“I think, from experience and talent, I like Kansas City over Philadelphia. And I’m not taking anything away from Philly, I think they’re a really good football team. Obviously you have to be a good football team to get there, and they’ve done it pretty convincingly. They haven’t really had to play, in the playoffs, a full game, right? So you get in a game where they’re down? Obviously if Kansas City gets up on them early, it might take them a little bit out of their game, their run plan, which I assume they’re going to try to get going first, to get Jalen Hurts going. But if you make Jalen Hurts play quarterback, you’re going to have a pretty solid day on defense.”

Gould was right about the winning team, but he couldn’t have been more wrong about Hurts as a quarterback — especially when asked to win from the pocket.

Those were Hurts’ numbers coming into the Super Bowl, per Sports Info Solutions. In Super Bowl LVII, Hurts completed 25 of 32 passes from the pocket for 213 yards, and his one touchdown — a 45-yarder to A.J. Brown with 14:52 left in the first half. This throw is a great place to start when discussing Hurts’ development as a pure passer in the 2022 season.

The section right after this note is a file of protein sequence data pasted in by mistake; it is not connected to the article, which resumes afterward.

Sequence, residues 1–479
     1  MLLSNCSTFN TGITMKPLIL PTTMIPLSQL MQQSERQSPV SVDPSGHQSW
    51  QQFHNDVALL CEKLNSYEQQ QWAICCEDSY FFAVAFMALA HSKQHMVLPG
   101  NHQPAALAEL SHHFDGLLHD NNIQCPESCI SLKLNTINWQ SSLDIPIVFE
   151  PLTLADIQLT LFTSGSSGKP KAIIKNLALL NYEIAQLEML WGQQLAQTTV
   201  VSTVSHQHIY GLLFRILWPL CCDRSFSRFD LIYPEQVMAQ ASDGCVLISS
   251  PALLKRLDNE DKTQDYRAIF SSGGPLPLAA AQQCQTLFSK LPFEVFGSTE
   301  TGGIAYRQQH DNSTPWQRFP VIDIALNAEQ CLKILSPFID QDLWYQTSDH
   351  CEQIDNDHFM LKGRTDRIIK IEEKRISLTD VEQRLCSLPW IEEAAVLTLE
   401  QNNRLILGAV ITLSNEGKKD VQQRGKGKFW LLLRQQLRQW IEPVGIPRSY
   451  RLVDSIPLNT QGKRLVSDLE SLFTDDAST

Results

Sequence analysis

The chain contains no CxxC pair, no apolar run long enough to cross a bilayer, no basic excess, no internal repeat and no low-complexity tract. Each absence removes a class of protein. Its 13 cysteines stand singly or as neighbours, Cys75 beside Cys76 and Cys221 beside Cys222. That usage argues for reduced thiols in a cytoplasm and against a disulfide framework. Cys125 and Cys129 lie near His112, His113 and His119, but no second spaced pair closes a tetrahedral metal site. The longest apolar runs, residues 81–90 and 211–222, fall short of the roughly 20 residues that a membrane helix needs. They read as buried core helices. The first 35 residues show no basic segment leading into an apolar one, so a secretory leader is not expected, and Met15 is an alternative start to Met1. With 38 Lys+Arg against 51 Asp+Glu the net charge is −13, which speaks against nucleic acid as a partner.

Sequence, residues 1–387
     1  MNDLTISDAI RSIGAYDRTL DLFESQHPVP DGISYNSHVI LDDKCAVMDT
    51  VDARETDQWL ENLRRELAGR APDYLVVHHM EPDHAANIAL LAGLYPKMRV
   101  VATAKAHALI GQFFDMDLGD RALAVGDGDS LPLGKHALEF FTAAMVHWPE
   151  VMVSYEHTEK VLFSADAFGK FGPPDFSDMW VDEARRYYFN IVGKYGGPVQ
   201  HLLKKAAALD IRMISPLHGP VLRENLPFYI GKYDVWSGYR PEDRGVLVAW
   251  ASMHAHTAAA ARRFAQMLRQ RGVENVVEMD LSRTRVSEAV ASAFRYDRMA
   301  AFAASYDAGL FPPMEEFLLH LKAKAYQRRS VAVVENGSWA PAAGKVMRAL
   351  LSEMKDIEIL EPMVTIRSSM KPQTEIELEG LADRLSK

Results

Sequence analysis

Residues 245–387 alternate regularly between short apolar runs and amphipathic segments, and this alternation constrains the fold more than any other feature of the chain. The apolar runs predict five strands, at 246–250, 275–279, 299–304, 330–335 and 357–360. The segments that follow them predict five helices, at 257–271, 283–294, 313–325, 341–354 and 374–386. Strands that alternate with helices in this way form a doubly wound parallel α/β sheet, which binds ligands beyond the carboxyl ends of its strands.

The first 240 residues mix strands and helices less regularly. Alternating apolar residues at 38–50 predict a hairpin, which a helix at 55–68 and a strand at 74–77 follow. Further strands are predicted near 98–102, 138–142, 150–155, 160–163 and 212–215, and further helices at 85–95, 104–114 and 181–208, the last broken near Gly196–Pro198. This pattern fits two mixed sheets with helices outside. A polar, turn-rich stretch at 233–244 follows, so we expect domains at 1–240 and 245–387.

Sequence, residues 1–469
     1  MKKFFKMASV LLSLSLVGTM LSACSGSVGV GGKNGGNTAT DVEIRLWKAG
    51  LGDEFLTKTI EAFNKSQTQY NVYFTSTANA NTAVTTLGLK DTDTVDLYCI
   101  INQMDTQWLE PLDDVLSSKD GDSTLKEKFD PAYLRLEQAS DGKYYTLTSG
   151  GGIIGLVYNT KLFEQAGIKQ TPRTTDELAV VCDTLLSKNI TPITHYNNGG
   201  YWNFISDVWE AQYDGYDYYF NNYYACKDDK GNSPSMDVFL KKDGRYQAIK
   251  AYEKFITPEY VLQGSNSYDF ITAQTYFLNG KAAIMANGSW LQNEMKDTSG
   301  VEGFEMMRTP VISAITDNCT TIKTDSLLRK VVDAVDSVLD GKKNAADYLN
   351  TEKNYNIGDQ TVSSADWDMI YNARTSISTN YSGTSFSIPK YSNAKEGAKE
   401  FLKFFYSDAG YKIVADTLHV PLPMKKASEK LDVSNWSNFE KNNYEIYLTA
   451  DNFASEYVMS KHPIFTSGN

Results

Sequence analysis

There are throws into double coverage, and there are throws designed to beat double coverage. Anybody can do the former; to do the latter consistently is rare. Here, Brown had cornerback Trent McDuffie and safety Juan Thornhill bracketing him in Quarters coverage, and Hurts had to navigate that. He had running back Miles Sanders open in the left flat, and receiver DeVonta Smith open on the intermediate crosser. It was first-and-10, so Hurts could have taken either easy throw. Instead, he went for the deep bull’s eye.